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The dangers posed during deer season


Motor vehicle accidents take many forms and present countless dangers. November is particularly treacherous when it comes to the mating season for deer, resulting in peak numbers of collisions and insurance claims that result from them.

From 2006 to 2020, claim frequency in November was more than twice the average per month. August is traditionally the least likely to have claims filed, yet was 3.5 times the average pace, according to the Insurance Institute for Highway Safety (IIHS).

According to State Farm, two million claims involving collisions with deer and other animals were filed over the 12 months, a significant increase of 7.2 percent from the previous time period.

Preventing collisions presents challenges

While fall is a time of peak deer activity, the IIHS found that animals killed by motorists in the spring and summer have risen significantly. The supposed seasonal threat should force drivers to be more aware of the potential of hitting deer throughout the entire year.

Most new cars include automatic emergency braking with detection for pedestrians. However, those systems may not be able to identify a larger animal in the path of the motor vehicle. Deer activity typically peaks as the sun sets, creating even more challenges.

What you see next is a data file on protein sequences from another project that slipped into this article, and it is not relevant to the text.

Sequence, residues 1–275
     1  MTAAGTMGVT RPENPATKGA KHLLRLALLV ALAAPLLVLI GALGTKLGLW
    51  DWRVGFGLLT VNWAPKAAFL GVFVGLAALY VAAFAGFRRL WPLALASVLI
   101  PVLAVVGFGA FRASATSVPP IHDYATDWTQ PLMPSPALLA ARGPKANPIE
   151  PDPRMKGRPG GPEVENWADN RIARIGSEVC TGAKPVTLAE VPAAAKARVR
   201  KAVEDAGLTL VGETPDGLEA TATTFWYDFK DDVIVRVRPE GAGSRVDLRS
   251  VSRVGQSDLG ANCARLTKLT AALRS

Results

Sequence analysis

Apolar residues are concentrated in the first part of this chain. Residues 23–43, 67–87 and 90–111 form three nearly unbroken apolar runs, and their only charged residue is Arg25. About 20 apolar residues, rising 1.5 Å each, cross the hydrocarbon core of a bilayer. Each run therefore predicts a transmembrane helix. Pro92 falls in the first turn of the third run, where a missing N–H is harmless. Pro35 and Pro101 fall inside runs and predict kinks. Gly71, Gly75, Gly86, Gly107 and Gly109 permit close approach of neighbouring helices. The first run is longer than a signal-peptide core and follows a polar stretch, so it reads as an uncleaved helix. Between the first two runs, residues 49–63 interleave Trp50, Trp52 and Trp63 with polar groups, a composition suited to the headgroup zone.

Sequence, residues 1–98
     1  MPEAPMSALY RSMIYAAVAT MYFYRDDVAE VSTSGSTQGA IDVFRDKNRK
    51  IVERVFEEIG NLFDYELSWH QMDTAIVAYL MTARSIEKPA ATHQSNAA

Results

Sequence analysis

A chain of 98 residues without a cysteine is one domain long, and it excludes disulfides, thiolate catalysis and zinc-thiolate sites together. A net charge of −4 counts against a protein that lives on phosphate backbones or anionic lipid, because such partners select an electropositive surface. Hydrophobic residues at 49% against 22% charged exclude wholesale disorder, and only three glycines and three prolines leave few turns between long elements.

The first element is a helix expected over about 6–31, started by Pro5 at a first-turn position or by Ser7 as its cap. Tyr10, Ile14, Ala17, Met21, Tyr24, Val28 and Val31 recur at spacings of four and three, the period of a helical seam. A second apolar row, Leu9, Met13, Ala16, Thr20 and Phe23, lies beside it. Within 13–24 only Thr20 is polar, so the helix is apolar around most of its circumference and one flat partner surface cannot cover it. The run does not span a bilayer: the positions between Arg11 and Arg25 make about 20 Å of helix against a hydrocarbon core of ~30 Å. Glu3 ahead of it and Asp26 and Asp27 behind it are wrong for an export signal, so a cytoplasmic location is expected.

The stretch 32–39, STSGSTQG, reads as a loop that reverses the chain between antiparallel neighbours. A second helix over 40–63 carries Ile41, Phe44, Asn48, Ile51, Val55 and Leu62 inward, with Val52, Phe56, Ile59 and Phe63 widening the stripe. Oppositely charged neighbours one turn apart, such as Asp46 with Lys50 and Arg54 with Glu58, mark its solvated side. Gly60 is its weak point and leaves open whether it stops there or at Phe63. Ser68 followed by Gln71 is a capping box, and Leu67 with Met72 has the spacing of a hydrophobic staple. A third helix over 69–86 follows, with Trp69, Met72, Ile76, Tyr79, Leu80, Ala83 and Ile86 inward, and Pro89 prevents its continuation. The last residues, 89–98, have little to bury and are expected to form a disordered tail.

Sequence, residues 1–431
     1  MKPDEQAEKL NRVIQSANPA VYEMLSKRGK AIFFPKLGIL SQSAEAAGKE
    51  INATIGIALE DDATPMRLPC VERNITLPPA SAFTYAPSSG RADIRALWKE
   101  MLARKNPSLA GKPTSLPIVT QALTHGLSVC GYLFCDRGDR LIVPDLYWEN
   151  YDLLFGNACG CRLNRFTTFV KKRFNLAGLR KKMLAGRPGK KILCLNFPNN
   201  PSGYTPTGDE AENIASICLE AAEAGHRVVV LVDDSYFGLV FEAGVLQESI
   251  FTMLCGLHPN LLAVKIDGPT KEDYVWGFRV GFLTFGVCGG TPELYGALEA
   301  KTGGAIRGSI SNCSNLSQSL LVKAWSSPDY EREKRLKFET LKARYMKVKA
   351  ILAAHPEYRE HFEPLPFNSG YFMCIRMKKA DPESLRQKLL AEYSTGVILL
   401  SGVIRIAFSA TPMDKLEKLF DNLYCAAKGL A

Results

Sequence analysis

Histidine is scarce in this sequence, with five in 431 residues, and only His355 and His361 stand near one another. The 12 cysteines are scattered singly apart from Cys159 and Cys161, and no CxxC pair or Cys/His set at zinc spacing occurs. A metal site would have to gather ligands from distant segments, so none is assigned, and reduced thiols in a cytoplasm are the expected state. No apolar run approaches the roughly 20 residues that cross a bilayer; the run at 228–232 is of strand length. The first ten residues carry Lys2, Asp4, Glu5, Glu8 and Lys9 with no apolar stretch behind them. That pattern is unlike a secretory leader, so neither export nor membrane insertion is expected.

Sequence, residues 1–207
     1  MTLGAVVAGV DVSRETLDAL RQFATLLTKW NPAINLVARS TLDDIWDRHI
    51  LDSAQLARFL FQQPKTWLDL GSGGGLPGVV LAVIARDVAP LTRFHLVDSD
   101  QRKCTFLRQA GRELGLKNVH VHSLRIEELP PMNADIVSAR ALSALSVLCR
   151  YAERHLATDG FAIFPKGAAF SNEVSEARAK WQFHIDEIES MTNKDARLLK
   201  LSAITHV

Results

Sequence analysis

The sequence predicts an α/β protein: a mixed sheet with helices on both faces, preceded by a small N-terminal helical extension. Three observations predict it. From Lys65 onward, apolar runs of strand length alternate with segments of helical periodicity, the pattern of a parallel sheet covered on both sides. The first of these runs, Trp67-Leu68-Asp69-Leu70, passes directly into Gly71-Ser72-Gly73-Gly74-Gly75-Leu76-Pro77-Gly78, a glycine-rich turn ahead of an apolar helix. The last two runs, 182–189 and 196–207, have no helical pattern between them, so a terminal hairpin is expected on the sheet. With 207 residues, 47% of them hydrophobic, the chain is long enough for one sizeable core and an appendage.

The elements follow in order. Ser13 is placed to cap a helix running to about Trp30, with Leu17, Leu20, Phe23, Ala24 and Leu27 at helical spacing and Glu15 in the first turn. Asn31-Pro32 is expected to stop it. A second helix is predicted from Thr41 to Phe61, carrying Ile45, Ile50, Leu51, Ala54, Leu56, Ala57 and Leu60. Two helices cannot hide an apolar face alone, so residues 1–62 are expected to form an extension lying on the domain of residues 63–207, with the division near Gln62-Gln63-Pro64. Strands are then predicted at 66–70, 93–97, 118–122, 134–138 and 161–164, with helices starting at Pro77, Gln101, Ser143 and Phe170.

Ways to minimize and avoid collisions

Swerving to avoid a deer is not recommended as drivers can easily lose control, and the deer may become confused about where to go. Braking while in a straight line is preferred, even if the outcome results in some type of collision.

Additional steps can minimize the damage while increasing the chance of walking away from the accident and include:

  • Look for deer-crossing signs and wooded locations where animals are prone to travel and remember those areas in the future.
  • Stay alert, mainly if the animal is on the side of the road, and use high beams to increase your visibility.
  • Where there is one deer, there are likely others around, as they tend to travel in groups.
  • Buckle up. A vast majority of these accidents see unbuckled drivers and passengers losing their lives.

If a collision occurs, do not leave your car to check on the animal. As with any accident, contact the appropriate authorities, not to mention your insurance provider.